This sparse population expanded immensely in late Pueblo, when many of the later Chacoan great house communities were founded. Some of the earliest great house construction in the region took place in these communities, which Van Dyke has elsewhere used to argue that great houses were not initially associated particularly with Chaco Canyon specifically. The huge increase in population at this time seems to indicate immigration, but this chapter doesn’t address the issue of where the people in this area might have come from. Given the similarities to the communities to the north in the Chaco Basin, that seems like an obvious point of origin (with earlier origins probably further north in the Mesa Verde region), but developments to the south are poorly understood and can’t be ruled out as important factors. As noted above, some of the immigrants to Chaco Canyon and its surrounding area appear to have come from the south rather than the north, and southern origins would presumably be even more likely for the Red Mesa Valley populations given their location. The fact that the influx here appears to happen at the same time as the northern one is an interesting complication, however.

The Eastern Chaco Basin

This area, stretching from the area south of Chaco Canyon across the Continental Divide to the Rio Puerco Valley of the East, shows very little evidence for Pueblo I occupation. Today this is a very sparsely populated area used mainly for cattle ranching, primarily on private land, so there has been little archaeological survey, but what survey has been done shows very little prehistoric occupation at all. Only two exceptions are noted by Windes and Van Dyke. One is a recently discovered Pueblo I community southeast of Mt. Taylor, about which little is known. Detailed information from the survey that identified this community is apparently not going to be released. It’s not clear from the brief writeup if this has anything to do with the fact that the survey was for proposed uranium mining.

The other exception is the Puerco Valley of the East, around the later Chacoan outlier of Guadalupe. Here, survey by Eastern New Mexico University in the 1970s identified a “modest but scattered” Pueblo I occupation, which increased substantially in late Pueblo I and Pueblo II, culminating in the Guadalupe community with its apparently close connections to Chaco Canyon. Windes and Van Dyke note that the Puerco may have served as an important conduit connecting the Chaco Basin to areas further east, although it remains poorly understood. The eastern associations of Chaco are poorly understood in general, and this appears to be the case as much for Pueblo I as for Pueblo II.

Storm in the Distance through Fajada Gap

Storm in the Distance through Fajada Gap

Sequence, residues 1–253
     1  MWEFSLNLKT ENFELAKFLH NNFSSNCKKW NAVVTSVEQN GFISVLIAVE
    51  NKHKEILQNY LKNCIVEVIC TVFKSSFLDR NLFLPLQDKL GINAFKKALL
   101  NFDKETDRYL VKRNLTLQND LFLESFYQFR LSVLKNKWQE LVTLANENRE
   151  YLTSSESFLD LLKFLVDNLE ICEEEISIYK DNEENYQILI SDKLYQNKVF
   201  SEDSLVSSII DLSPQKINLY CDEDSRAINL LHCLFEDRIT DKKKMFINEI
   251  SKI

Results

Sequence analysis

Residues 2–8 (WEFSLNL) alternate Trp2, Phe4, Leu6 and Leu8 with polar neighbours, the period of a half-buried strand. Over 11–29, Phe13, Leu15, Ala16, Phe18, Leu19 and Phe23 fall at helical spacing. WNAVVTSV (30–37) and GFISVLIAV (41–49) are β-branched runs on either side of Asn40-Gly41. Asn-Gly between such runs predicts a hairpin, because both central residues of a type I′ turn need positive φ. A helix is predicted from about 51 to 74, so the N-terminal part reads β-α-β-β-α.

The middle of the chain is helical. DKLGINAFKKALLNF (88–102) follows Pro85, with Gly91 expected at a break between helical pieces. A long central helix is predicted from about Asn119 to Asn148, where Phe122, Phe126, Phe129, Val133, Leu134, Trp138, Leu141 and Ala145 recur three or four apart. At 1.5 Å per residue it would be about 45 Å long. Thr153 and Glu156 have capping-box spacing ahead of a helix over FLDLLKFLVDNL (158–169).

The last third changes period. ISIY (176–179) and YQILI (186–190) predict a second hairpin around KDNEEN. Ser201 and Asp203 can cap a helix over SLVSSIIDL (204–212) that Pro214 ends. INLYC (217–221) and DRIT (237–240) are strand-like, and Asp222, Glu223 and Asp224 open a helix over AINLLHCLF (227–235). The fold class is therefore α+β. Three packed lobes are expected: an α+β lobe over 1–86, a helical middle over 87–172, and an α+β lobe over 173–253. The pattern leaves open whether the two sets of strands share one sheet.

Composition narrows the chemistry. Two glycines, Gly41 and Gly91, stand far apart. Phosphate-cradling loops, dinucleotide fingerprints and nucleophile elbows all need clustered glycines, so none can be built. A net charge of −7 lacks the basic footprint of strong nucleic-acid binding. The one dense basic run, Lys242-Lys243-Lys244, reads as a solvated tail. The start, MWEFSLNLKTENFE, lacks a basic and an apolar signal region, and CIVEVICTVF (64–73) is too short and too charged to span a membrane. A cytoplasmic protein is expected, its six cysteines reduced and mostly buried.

After going through the detailed geographical summaries, the authors briefly address some region-wide issues important for understanding the patterns they describe. They acknowledge environmental factors as probably important in understanding population shifts, pointing in particular to an apparent “spike” in rainfall in the immediate area of Chaco Canyon between AD 885 and 905 that might have served as a “pull” factor bringing people in from other areas. Conditions in the Chuskas and Red Mesa Valley appear to have been generally unfavorable during this period in which they, too, saw significant immigration, so clearly rainfall totals weren’t the only factor.

They also discuss violence, noting that there is very little evidence for it in this region, particularly in the central Chaco Basin, during Pueblo I, especially compared to areas further north where burned structures are common. There are more burned structures in the Chuskas and near Mount Taylor, on the edges of this region, however, and it is possible that the lack of them in the central basin relates more to the lack of construction wood than to any lack of violence. The authors suggest that, given the known evidence for strife and community abandonment in the Mesa Verde region, one attraction of the Chaco Basin might have been its relative emptiness, which may have drawn people into this much harsher and less fertile region. There’s a general tendency for settlement to cluster around drainages and particularly at  confluences of drainages, likely because these locations offered the best agricultural potential in a very dry area even by Southwestern standards. Regardless of what it was that initially drew people into this area, it’s becoming increasingly clear that this influx of population was a key factor in the later rise of Chaco.

Peñasco Blanco Framing Huerfano Mesa

Peñasco Blanco Framing Huerfano Mesa

The authors also discuss visibility and sacred geography, which has been a key concern of Van Dyke’s in her previous work. Many of the prominent community buildings in late Pueblo I sites in this region, whether or not they can be considered “great houses,” are situated in locations where important regional landmarks can easily be seen. This indicates that the concern with visibility associated with later Chacoan great houses likely had its roots in this period.